Virus Worries at Bedtime or Anytime? Try This
Two simple strategies to help free yourself from anxiety.
Posted Mar 14, 2020
Yesterday was World Sleep Day. Not surprisingly, this was a bit overshadowed by a few other things in the news and on our minds... Can we really focus on sleep in a pandemic? The short answer is yes, we must. In fact, if there were ever a time when we needed sleep to quiet our minds, restore our energy, support our immune systems, and ready ourselves for the challenges we face—it is now. But one of those challenges we face is our anxiety spiraling way out into stratosphere about... the challenges we face. Our worry brain does not obey the ancient rules of our circadian rhythms. Our anxious scenarios— of coronavirus, of preparing for a two week quarantine, of our loved ones getting sick, of falling stocks, climate crisis, finding childcare for tomorrow, — don’t climb obediently into their bed as night falls and let us unwind, relax (?), or calm down, and sleep. They climb out. They climb in with us. They run around. They multiply. Essentially our worries are kind of like kids at a sleepover—they are up making a ruckus, and they don’t care what the rules are—there will be no sleep.
We are wired to detect threat and respond to threat by mobilizing our body to fight, flee, or freeze, none of which helps us when it comes to things like allowing us to fall sleep. How do we turn off our brain, stop the constant news feed and thoughts around life and its uncertainties, turn lights out, and drift off to sleep? There’s no easy on off switch when it comes to our thinking, but fear not! Here are a few quick and easy ideas to help those worries be more cooperative so that you can sleep better tonight and every night. You’ll be more rested to take smart, reasoned actions during the day. These strategies are fitting for anyone whether you’re 5 or 95 and here they are:
Fact check your fears for accuracy: Trying not to think about your fears doesn’t work, they will keep chasing each other through your mind all night. Catch them. Face them, but don’t trust them. Test them; fact check them, and do so for accuracy. Name your fears. Write them down, then run them by your inner fact checker— remember feeling scared isn’t the same as being in danger. Feeling panicked doesn’t mean there’s anything you really need to do right now. No matter how hard things are, anxiety will always make things feel worse by amplifying our helplessness, making us borrow more trouble in the future that may never come to be. Come back to the present and make the distinction between how things feel vs. how things are. Use your “red pen” to edit your fears the way a teacher would correct your test answers back in the day. Thoughts like: “This is so terrible! This is so out of control!” become: “This feels so terrible right now.” Or, “I’m having that ‘this is out of control feeling’ right now, it’s not very helpful to me, it will pass.” Make “FAQ” cards for yourself answering your own “Frequently Asked Questions,” so you don’t have to go through all the work of the repetitive thoughts and questions you have, instead you’ve got your final edits, your more realistic thoughts to refer to and reinforce regularly.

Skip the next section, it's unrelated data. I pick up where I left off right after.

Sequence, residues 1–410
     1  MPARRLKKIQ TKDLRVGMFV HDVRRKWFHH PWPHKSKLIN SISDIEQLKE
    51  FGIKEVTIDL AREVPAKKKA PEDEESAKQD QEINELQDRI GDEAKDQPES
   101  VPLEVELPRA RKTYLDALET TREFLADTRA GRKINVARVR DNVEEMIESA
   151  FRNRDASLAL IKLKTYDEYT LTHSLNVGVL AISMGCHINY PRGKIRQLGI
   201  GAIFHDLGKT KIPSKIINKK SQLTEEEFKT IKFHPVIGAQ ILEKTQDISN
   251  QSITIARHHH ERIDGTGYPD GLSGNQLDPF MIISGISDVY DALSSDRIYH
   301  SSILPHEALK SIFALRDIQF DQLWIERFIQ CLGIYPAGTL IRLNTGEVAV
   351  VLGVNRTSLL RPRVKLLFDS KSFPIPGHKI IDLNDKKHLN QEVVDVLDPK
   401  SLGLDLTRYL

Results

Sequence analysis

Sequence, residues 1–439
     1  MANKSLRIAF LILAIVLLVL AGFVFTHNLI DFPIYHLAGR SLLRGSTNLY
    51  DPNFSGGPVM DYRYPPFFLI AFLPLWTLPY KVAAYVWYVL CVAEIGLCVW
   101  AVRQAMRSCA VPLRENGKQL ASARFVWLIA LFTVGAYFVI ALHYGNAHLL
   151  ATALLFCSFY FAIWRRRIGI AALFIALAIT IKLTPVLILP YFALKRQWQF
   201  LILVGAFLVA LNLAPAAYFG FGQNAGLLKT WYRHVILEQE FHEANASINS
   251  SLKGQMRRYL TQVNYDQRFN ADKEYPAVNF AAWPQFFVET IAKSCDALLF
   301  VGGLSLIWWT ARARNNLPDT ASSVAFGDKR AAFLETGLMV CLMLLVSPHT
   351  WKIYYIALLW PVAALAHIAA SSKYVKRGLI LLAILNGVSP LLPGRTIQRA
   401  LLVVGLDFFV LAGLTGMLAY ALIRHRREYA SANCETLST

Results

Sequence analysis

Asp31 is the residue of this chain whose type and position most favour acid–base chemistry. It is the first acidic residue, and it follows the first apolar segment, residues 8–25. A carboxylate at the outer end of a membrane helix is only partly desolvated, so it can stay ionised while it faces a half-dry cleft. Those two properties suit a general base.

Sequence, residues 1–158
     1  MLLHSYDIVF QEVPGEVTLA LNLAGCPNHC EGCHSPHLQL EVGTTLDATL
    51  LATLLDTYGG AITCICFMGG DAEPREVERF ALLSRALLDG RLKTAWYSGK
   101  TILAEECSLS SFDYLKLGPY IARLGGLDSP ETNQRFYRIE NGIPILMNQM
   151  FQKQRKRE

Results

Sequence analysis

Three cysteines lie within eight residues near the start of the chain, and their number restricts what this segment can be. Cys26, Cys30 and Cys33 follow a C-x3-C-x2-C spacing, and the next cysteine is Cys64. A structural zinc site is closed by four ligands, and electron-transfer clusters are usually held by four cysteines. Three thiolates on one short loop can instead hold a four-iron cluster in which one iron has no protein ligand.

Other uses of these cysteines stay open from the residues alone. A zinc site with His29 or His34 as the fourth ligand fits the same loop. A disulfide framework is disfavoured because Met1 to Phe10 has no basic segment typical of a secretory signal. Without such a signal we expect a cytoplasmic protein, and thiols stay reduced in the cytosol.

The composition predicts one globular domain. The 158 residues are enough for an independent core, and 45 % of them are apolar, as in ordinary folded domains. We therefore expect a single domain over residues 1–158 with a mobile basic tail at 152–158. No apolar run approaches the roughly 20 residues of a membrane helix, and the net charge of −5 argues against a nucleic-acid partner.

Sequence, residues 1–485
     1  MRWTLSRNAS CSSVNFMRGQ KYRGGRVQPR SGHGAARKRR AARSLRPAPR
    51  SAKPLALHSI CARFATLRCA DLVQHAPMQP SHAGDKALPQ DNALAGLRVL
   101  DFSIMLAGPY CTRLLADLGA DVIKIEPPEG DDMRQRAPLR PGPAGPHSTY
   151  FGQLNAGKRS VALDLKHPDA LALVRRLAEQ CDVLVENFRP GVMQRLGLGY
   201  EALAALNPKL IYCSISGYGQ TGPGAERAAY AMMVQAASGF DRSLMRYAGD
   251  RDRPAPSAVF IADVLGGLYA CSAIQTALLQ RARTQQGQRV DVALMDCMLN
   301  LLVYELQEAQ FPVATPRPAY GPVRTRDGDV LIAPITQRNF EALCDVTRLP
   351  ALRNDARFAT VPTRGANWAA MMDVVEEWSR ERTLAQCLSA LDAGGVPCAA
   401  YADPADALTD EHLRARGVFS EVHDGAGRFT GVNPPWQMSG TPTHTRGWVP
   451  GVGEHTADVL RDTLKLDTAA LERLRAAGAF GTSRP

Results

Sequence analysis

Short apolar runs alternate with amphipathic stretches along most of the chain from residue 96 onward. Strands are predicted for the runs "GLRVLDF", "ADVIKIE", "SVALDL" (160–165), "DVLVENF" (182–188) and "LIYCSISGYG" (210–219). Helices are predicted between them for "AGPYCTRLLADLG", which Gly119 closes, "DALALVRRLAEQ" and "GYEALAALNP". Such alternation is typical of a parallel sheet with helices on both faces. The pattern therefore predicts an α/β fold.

Walk out the worry door, but give your mind somewhere better to go: After you’ve done your fact checking, you can’t just flip a switch and say “stop worrying” because the mind won’t let go so easily. In the same spirit as how we take away our car keys from the round hands of our toddler not by grabbing them leaving them the unhappiness of being empty-handed, but instead hand them a toy and voila, the keys are dropped to the floor, here is a strategy to let your mind drop one thing and pick up another. I call this exercise “The Four Doors.” It helps you to not just shut the worry door, but importantly gives your mind somewhere else to go. It’s easy! Draw four rectangles on a piece of paper or just imagine them. On each door, put a category of things you like to think about: vacations, favorite meals, celebrities you want to spend the day, elaborate shells, the universe of moss, exquisitely decorated cupcakes (my personal favorite), cherished moments with your children, with your grandchildren! Then open the door and walk in. Spend some time looking around. Describe what you see. Enjoy the spaciousness of your imagination anchored in something pleasant, beautiful, or fun! I use this idea with kids, with adults, with myself. Change up your four doors regularly if you like. Parents can share this strategy with a reluctant sleeper and tell your child that you’ll find out from them in the morning what four doors they chose.
Freeing yourself from anxiety is clearly not just for bedtime, so if you’re struggling with worry during the day and feel like you can’t focus or get anything done—this matched set of strategies will help you. Use your editing pencil to fact check your fears, and everyone else’s, let nothing get past your inner-editor. Share your four door inspirations with your friends. Together, we will get through, that’s always how it works best. Let’s take care of each other in the creative ways we can. Here’s to everyone’s health, and as always, here’s to less worry all around.
©2020 Tamar Chansky, Ph.D.